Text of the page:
Germany deploys vans to map mobile black spots
On a street in Wusterhausen, about an hour’s drive north of Berlin, a man walks intently with his mobile phone in front of him.
“I’m looking for a network, because this area here is not good,” says Eric Karasinski, in town on a business trip from Poland.
Problems with the phone signal are a constant source of frustration for residents of Wusterhausen, which is located in one of Germany’s many black spots, beyond the reach of any mobile network.
“We are here in Germany, an industrial country, and we have all these dead zones,” says Matthias Noa, president of waste management company AWU.
Noah was so angry that when the local government asked him if they could use his garbage trucks to do something about it, he quickly agreed.
Since the summer, trucks have been equipped with a measuring device Signal quality On their ways through the county of Ostprignitz-Ruppin.
Because their work takes them everywhere throughout the region, they are an ideal vehicle for the job.
“We go out on the ground, in every corner,” says Werner Noyes, deputy head of the local council, who was unhappy with the efforts of public bodies or private groups to plan for signaling problems.
Jonny Basner, co-driver of the program, knows the problem all too well. “It would be great if I had enough signal to get to the warehouse from the villages (on the road),” he says.
Trackers were handed out to hikers and cyclists to fill in the gaps left by garbage collectors.
On the map, Nuese indicates the spots marked in red where the signal is at its worst.
Even if this is a file rural areas In northeastern Germany, we should not forget. This is what we want.”
‘on the balcony’
A short walk shows the problems people face.
“Outside on the balcony, I can get a signal, but at home there is nothing, and no one can call me on the phone,” says Dieter Muller of the village of Pantico.
About 10 kilometers (six miles) away in Wusterhausen itself, Marko Neuendorf says he canceled his phone contract “because there is simply no signal here”.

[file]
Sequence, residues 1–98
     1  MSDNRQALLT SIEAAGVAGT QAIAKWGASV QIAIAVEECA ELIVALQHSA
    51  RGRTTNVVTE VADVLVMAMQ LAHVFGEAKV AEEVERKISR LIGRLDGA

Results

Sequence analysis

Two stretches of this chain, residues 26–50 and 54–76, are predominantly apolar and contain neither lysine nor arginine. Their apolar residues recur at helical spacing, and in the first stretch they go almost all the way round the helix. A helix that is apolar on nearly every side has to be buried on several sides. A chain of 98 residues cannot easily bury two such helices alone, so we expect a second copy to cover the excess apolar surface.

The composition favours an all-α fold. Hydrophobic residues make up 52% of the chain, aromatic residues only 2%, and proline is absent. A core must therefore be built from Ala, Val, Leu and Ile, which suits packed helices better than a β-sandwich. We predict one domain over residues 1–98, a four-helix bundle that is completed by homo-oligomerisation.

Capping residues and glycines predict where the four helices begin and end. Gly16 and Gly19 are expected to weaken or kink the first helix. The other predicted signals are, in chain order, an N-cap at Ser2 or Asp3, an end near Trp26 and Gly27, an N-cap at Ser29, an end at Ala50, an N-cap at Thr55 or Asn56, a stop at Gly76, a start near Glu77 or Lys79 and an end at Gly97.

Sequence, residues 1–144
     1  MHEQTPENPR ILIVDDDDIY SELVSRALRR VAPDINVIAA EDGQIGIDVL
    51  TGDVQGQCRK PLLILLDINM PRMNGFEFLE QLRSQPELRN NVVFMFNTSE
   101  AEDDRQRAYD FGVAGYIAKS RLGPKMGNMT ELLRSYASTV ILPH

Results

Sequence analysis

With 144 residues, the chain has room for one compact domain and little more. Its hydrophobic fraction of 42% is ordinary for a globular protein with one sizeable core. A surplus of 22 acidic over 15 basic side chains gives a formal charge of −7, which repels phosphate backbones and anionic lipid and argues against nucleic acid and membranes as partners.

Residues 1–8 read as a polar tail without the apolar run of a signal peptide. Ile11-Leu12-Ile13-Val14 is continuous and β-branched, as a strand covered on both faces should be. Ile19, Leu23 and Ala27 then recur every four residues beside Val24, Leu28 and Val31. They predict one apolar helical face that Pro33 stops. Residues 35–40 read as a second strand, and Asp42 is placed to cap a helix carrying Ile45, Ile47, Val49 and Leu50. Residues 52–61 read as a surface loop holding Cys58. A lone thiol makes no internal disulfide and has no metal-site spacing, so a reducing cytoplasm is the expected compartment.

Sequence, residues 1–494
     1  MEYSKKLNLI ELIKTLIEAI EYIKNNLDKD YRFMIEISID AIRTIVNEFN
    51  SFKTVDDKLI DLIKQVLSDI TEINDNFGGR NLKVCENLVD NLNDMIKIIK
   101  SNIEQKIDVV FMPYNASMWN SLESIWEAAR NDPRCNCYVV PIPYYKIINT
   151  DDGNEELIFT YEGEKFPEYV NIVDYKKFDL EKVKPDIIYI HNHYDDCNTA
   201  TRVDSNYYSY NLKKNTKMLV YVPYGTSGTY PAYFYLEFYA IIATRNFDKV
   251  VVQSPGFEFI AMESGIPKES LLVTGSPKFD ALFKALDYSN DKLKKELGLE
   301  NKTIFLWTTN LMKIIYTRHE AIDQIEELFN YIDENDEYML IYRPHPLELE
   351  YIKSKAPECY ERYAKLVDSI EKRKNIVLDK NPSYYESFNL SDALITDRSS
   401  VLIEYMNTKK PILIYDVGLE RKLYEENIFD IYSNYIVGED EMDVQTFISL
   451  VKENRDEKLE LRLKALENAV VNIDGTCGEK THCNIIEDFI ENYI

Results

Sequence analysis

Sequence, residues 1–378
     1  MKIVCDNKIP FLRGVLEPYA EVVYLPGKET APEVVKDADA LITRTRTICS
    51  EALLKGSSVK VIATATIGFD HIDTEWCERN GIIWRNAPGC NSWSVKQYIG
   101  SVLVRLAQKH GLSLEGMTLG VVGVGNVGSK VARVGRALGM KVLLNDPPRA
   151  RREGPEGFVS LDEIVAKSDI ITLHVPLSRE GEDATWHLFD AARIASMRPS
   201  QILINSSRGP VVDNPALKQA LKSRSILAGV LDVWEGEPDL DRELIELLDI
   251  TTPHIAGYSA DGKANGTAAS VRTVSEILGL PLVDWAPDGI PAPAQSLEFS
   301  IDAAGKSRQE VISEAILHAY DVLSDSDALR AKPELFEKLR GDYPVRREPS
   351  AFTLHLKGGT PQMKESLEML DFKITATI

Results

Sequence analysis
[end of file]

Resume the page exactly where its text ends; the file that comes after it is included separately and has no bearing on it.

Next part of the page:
Local officials believe that the area will become more attractive to investors and tourists if the mobile phone network is better.
“Every home industry is becoming digital, every electrician is using a tablet to order parts. It’s not just the big companies that are the most digital,” Noah says.
The Nuese council official says spas in the area receive poor reviews “because the signal is so bad”.
“It’s a measurable economic disadvantage,” he says.
The aging of much of Germany’s infrastructure and administration has risen to the top of the political agenda with Chancellor Angela Merkel leaving office a year ago.
According to official data, the coverage of the standard LTE, equivalent to 4G, is 100 percent.
But in a Verivox price comparison survey published earlier this year, most people said they regularly experience a lack of signal when using their phones.
In 2018, then-Economy Minister Peter Altmaier said he was “extremely upset about having to call back three or four times because the call was cut off” when making calls from his car on official business.
By producing more detailed signal maps, the council hopes to encourage the response of mobile operators and put pressure on the government for more support.
© 2022 AFP
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